Shortly after I got home from OBX, facial numbness led to a brain MRI showing extensive cancer involvement in the lining of the brain and skull. Progression was quick, leading to extreme headaches, nausea, and vomiting. We stayed a few nights at Hopkins for observation and management of the side effects. A spinal tap was also done and all results have been negative. The verdict is still out on if I have cancer within the spinal fluid. Something happened with the pathology and that test was never done. My Doctor and the tumor board at Hopkins all think that these results are negative and I do not have cancer within the fluid. There isn’t a plan to re-test at this point. We are trusting in the team at Hopkins on this.
On November 20th I started brain radiation. It was a really tough decision to do this. Brain radiation is so extreme and the side effects can be debilitating. At first I said no to treatment, but my Radiation Oncologist called me on the Sunday we were still at Hopkins and talked me through things. I felt more at peace with moving forward and we moved fast. Three radiation treatments were full brain. The following 11 treatments were cranial, skull, and jaw treatments. My amazing doctors have managed to create a treatment plan that saved as much brain tissue from being affected as they could in the last 11 treatments. This also made me feel better about moving forward with radiation. The side effects from radiation have taken a toll both physically and emotionally. It was rough for many weeks. I experienced extreme nausea and vomited for almost 2 straight weeks. To get to treatments I had to lie in the back seat of the car, and almost every time I got sick from motion nausea. Headaches were extreme and I ended up on a steroid to help manage these symptoms. Fatigue was also pretty extreme and I slept a lot during the days. I received hydration at Hopkins each day that I had radiation to help keep me hydrated since I was vomiting so often. I am still dealing with some weakness in my legs and stairs are hard for me to climb right now still. I have been done with radiation since December 11th and am still not all the way back to “normal.” Other side effects were blurred vision and lack of cognitive memory. I think I lost 2 weeks of true memories of what happened. Like I said, it’s been rough, but I am excited about feeling better and stronger each day. Just need to conquer the stairs!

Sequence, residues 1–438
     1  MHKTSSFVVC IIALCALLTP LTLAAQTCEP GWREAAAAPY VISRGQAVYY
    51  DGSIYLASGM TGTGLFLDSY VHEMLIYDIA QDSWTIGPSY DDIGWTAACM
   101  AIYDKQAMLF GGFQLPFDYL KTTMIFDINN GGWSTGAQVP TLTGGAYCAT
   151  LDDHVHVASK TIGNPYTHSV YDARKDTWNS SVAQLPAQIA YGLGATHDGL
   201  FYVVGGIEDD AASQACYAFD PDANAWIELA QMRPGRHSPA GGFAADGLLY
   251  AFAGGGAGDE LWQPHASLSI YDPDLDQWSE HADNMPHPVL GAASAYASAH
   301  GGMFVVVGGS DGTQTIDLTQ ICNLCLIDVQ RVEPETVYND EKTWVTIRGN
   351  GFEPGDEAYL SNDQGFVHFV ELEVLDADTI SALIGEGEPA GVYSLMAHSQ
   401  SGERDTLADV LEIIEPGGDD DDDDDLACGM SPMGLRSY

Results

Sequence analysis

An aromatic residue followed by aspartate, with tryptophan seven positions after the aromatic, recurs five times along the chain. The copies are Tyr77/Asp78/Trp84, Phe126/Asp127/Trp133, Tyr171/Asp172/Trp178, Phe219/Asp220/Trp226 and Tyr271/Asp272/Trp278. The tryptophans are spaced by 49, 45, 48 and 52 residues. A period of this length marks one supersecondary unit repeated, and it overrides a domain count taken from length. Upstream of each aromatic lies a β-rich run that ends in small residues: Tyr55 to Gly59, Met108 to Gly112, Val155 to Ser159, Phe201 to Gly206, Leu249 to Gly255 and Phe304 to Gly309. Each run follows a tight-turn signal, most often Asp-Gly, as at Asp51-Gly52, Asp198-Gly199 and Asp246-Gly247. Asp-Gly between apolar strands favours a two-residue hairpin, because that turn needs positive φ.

Radiation caused my hair to fall out and we did a little shaving at home. My sister-in-law came over, and she and Char shaved my head. Back in 2012 when I was originally diagnosed with stage 2B breast cancer I embraced the bald and wore my wigs 2 times total during that time of hair loss. This time around Charlotte really likes the wig and is obsessed with me wearing it. I am not sure if it makes her feel like I am not sick when I wear it, but she is just enthralled with it. She asks me to wear it to things and I was emotional about it. Not upset that she wants me to wear it, but more just emotional that she is so much more affected this time around. She is 6 years old, not 4 months old like back in 2012. I know that this is affecting her more than last time and it’s just an adjustment we are dealing with together as a family.